is often considered the most important pre-fermentation characteristic in wine production. Alcohol is produced by the conversion of sugar by yeast during fermentation (1° brix equates to approximately 0.55% v/v alcohol), so typical brix levels prior to fermentation vary greatly depending on stylistic choices made by the winemaker (of course, harvest conditions can lead to some crazy brix levels; way too low to way too high). Every country has its own laws regarding whether water can be added (to decrease sugar levels) or sugar can be added (to increase sugar levels) prior to fermentation, which gives winemakers a little bit of room to play depending on where the wine is being made and where the wine is being sold. Fermenting wine to dryness (less than 2 g/L residual sugar, which is particularly desired for still wine production) is often difficult when there is too much sugar; many yeasts are subject to sugar toxicity levels and alcohol toxicity levels, which is why many commercial yeast producers offer high-brix yeast (they can start ferment with lots of sugar and finish ferment with lots of alcohol).
pH and Acidity
The balance between pH and acidity level is an important indicator of ripeness prior to harvest, used in conjunction with brix levels and sensory evaluation, to determine the best picking dates. Once in the winery, pH and acidity play a major role in winemaking.
Titratable acidity, also referred to as total acidity, is the combined measurement of all acids in a juice/must/wine presented as grams per liter (g/L). There are several different acids present in grapes and wine, but tartaric and malic acids are found in the highest concentrations. Different grape varieties are predisposed to have higher concentrations of one or the other, though environmental factors play a major role. Usually, titratable acidity levels fall between 6-10 g/L prior to fermentation, largely dependent on things such as grape variety and wine style. A winemaker will usually desire higher acid levels for wines destined for malolactic fermentation and even more for those earmarked for sparkling wines.
Most winemakers would likely argue pH carries more importance than titratable acidity. Why? pH has a major effect on microorganisms present. Yeasts require juice/must within a certain pH range to perform non-stressful fermentation. This range is dependent on the specific strain, but usually is somewhere between 3.1 and 3.8 pH. A major issue for winemakers are undesirable microorganisms, many of which can also thrive in this pH range.
There are different regulations for the types and amount of additives a winemaker can use to adjust pH and acidity. Tartaric acid is the overwhelmingly favorite for increasing acidity and therefore decreasing pH. Potassium carbonate is commonly used for decreasing acid, though it has little effect on pH levels.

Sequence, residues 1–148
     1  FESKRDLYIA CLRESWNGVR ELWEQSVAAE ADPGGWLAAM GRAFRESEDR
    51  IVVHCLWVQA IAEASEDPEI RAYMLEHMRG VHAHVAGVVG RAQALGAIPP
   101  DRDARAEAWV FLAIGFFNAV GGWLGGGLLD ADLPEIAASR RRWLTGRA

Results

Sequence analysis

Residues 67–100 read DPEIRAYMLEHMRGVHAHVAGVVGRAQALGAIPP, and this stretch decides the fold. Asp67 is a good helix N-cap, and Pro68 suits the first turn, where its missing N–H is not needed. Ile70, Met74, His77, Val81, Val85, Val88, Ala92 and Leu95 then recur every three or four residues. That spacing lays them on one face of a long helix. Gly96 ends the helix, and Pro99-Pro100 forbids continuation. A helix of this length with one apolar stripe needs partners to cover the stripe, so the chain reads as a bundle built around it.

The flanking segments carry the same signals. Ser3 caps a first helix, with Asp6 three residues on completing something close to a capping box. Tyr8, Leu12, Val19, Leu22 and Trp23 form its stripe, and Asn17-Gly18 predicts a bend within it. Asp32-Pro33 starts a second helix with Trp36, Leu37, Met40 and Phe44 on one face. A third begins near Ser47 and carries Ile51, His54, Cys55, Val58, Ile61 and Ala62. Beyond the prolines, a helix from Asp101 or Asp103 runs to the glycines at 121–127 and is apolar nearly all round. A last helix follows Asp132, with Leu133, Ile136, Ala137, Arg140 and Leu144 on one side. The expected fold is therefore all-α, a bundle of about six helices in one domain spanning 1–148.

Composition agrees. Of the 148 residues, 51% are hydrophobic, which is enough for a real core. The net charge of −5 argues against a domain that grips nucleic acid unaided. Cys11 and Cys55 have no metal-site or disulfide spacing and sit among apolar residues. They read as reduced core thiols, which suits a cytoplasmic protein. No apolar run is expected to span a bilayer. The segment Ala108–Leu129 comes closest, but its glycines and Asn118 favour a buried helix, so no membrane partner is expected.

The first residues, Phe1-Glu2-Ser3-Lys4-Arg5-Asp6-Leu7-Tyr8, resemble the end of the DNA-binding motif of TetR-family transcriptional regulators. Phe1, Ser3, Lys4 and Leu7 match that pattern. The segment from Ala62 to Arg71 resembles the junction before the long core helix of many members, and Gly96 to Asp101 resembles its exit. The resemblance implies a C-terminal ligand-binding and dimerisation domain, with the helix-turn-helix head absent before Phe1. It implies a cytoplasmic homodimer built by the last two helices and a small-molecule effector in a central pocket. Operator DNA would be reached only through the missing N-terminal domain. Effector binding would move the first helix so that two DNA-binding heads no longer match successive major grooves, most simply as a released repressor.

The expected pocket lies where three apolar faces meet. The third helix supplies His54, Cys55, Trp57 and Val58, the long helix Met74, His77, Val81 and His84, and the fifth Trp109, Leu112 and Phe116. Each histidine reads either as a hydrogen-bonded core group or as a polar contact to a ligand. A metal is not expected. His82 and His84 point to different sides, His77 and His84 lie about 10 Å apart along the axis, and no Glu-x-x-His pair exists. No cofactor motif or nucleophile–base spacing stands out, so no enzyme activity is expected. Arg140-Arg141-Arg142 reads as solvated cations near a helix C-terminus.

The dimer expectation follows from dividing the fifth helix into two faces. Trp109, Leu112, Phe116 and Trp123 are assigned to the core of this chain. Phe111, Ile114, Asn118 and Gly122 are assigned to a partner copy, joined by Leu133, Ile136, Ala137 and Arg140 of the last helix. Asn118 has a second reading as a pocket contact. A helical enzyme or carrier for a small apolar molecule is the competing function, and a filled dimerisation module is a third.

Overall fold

Managing oxygen levels in wine is a major topic in the modern wine industry. Research continues to show that slight variations in oxygen throughout the winemaking process can have significant effects on wine quality. Nevertheless, oxygen is often left unmentioned when discussing fermentation, one of the stages its levels are most important.
Yeasts are facultative microorganisms, capable of conducting aerobic and anaerobic respiration depending on environmental conditions. Supplying wine yeast with adequate levels of oxygen during the stationary and growth phases is essential for a successful fermentation. Research shows that yeast propagated aerobically contain a higher proportion of unsaturated fatty acids and significantly more steroids than those anaerobically propagated, translating to higher yeast viability.
nce fermentation is underway, consumption of oxygen and subsequent production of carbon dioxide quickly removes oxygen present in the juice/must. In most circumstances, this is desired (not during yeast propagation activities). Oxygen may be added during fermentation of somered varieties. It is sometimes induced as a method of removing carbon dioxide, which becomes toxic to yeast above 0.2 atm concentration.
Yeast cells require several different micro-nutrients during the growth phase, including nitrogen-containing compounds, vitamins, sterols, and minerals. The extent of nutrient requirement is largely based on the amount of sugar the yeast will need to consume and convert to alcohol. The higher the juice/must brix prior to fermentation, the more nutrients the yeast will require. Yeast-assimilable nitrogen (YAN) is a measurement showing the quantity of ammonium salts (NH4+) and free alpha-amino acids (FAN) that are available in the juice/must for yeast consumption.
Proprietary nutrient products are available from several different wine additive companies. Some are specifically designed for use during yeast rehydration, while others are designed for use during fermentation. Diammonium phosphate (DAP) is additive for increasing nitrogen, though varying opinions on its effectiveness exist. Many winemakers use routine rates for nutrient additions, but this can also lead to ‘too much of a good thing’ situation. Read Yeast Rehydration Nutrients and Fermentation Nutrients for more info.
Most people probably don’t realize that sulfur dioxide is a naturally occurring compound in grapes, but it is a very important additive for most winemakers. Sulfur dioxide is added to help protect juice/must/wine against oxidation and spoilage.